The message was that in the event of  a ‘Yes’ vote big business would stop investing, would move out, tax revenues of the new state would fall, its currency would devalue and jobs would be lost.

The reaction of Alex Salmond and the SNP was revealing.  Just like its response to the UK-wide parties’ claims that they would not participate in a currency union, Salmond and the SNP did not accuse big business of bullying and threatening behaviour but of ‘scaremongering’ in a campaign orchestrated by David Cameron.

In other word big business didn’t really mean what it was saying and there was nothing to worry about – an independent Scotland would be good for them.  Of course they didn’t address the problem that it wasn’t just a matter of what big business were saying but of what they were actually doing.

Salmond and the SNP could not directly challenge big business aggression because their whole case is that an independent Scotland would benefit it.  The leadership of Scottish nationalism is not anti-business, it is not ant-capitalist.  Its reaction to opposition by big business to their plans demonstrated that they are pro-capitalist, hence the weakness of their response.

The capital that supports the SNP and Scottish independence is generally small sized and there is nothing more progressive about small business with its more parochial political outlook and big business with its more global concerns.

Only one prominent independence supporter took up a different response.  Jim Sillars, a left nationalist, stated that the oil company BP would face a “day of reckoning” and nationalisation because of its opposition to independence.  However by and large the mainstream nationalist movement left him on his own and the last thing the SNP wanted were threats to business in its campaign for a business-friendly Scotland.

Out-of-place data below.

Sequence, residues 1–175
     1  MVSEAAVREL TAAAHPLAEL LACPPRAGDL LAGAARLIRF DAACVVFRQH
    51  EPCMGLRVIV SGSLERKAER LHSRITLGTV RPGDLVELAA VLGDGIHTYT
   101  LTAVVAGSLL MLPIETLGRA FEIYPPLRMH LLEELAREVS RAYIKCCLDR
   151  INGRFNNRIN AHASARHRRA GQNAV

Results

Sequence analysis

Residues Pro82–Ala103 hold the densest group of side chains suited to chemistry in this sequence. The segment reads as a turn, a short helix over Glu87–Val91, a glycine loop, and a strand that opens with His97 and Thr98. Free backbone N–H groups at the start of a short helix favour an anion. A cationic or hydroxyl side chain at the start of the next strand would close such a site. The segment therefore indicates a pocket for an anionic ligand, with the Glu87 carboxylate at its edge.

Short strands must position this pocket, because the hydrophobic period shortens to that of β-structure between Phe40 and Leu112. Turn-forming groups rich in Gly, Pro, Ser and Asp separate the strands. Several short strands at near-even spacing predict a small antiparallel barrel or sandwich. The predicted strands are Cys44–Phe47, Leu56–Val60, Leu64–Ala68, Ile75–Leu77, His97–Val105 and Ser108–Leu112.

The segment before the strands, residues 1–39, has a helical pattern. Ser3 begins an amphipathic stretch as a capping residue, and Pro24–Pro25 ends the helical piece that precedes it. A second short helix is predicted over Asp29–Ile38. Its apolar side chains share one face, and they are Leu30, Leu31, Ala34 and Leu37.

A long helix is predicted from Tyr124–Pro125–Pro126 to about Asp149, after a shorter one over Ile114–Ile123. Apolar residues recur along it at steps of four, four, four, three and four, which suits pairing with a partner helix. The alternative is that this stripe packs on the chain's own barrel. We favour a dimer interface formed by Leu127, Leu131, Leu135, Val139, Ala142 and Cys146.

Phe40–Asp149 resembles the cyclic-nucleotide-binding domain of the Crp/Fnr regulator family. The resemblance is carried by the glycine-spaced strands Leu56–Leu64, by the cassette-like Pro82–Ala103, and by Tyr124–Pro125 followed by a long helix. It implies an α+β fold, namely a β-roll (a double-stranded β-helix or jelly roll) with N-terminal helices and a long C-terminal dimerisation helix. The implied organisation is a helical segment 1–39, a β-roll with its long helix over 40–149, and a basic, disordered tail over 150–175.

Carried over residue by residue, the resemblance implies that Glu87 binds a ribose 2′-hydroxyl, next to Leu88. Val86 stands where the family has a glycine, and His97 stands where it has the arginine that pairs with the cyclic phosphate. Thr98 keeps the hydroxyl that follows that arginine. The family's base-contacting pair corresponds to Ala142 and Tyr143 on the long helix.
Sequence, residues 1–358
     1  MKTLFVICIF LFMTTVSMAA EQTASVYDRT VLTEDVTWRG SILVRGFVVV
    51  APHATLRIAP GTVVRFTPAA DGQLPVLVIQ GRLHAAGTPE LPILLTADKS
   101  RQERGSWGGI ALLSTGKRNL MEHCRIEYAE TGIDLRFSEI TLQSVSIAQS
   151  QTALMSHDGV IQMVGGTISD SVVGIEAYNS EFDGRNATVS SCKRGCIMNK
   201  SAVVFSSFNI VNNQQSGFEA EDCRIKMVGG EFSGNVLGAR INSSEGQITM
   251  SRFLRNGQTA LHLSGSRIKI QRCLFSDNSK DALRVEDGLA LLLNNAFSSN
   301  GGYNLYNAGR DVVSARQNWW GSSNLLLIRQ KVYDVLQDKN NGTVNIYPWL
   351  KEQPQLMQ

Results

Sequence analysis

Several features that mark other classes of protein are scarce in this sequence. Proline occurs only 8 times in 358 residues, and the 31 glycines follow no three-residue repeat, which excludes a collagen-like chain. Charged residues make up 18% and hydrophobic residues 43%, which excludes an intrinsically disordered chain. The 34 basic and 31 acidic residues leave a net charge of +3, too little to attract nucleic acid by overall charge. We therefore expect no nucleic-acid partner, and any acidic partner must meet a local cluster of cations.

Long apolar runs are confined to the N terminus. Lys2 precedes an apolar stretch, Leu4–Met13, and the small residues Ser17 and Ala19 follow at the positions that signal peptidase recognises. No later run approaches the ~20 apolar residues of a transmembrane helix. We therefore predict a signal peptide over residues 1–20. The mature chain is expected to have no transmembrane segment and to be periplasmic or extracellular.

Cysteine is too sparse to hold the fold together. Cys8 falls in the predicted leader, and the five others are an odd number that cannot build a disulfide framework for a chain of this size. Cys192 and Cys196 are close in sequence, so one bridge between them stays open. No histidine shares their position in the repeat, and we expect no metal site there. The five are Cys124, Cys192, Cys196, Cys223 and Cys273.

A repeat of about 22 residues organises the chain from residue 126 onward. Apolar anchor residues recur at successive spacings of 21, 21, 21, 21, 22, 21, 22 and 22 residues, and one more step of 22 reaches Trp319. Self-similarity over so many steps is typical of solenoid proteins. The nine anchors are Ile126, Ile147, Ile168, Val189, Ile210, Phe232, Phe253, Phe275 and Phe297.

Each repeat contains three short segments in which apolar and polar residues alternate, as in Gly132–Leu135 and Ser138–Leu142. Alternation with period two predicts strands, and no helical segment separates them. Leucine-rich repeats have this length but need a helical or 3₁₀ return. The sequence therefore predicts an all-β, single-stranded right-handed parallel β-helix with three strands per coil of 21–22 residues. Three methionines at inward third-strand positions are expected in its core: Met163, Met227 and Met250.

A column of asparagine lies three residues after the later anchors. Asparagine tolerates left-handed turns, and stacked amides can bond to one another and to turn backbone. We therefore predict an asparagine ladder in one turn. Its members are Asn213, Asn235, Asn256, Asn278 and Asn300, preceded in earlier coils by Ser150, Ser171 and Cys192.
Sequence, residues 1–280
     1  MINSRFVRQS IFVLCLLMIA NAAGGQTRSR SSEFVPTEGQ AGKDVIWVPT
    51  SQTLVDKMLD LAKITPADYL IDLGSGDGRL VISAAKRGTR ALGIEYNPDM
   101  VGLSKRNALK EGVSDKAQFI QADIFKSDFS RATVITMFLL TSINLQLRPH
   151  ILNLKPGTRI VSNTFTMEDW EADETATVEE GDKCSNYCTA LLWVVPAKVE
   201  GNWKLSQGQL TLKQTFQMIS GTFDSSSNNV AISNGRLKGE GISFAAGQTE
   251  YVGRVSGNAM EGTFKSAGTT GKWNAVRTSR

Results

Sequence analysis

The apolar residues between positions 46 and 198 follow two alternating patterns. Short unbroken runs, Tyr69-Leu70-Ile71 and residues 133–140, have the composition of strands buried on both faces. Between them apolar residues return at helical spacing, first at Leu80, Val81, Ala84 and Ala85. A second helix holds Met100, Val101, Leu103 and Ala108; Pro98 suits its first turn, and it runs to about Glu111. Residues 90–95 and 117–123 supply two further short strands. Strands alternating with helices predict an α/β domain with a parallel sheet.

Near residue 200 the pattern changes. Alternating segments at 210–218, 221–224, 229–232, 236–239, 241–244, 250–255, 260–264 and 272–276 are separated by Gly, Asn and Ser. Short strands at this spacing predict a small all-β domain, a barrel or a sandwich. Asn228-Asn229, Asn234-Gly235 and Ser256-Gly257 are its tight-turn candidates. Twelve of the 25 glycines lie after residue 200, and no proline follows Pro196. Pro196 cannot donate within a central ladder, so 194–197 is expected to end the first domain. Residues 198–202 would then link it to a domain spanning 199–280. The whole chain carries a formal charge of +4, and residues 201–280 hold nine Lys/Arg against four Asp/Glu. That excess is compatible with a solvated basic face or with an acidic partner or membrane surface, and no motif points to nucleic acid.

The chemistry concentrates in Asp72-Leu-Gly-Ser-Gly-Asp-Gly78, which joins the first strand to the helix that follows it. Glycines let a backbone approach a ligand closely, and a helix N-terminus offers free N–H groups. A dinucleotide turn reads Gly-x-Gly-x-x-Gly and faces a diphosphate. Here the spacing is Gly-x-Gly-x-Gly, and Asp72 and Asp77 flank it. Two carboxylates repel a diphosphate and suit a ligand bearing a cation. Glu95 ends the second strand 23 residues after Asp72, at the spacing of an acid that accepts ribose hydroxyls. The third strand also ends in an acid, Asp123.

Not that Sillars threat was any sort of alternative.  Nationalisation would either be limited or it would produce a flight of capital.  In itself, unless there is fixed assets in the country, investment and money can move quickly out of the country and avoid nationalisation.  The Scottish State is in no position to pursue such a strategy to utmost effect and would sooner rather than later back down in the very, very unlikely event it pursued any sort of nationalisation.  The Scottish state cannot manage and operate the Scottish economy.  It would be the Soviet Union writ small.

In any case the nationalisation of the Scottish economy would not be the introduction of socialism but would rather represent a move towards national autarky with a more and more internationally isolated economy.  This is the road to regression, not to the future.  State ownership is not socialism; it is not the exercise of workers’ power.  Look at the activities of the State today?  Do Scottish workers run the state currently?  Do they have any hands –on control of it now?

The state is a strictly hierarchical structure with a bureaucracy and it is this bureaucracy that would manage and run state-owned industry under such a policy, not its workers.  That’s how all nationalised industry has worked.  In effect the state becomes the capitalist.

Real socialism on the other hand would mean BP workers owning and managing the company just as workers across the economy would own and manage their own workplaces and firms, joining together to reproduce the cooperative character of their company outside it across the wider economy.

Unfortunately the cooperative movement is currently too small and politically undeveloped to step up to the challenge of running society and the labour movement has not taken upon itself the task of making this its goal.  The sabotage of big business and the strangulation of bureaucratic state control would both produce disaster but the working class is not yet in a position to put its own rule forward as the solution.

This is nevertheless the real solution to the problems posed in the referendum debate.  The alternative to austerity is a new social system that priorities the satisfaction of social needs and not private profitability.  The answer to the demand for a democracy that satisfies the demands of the majority is a society where this majority controls society itself, not seeks the promises of career politicians to do it all for them.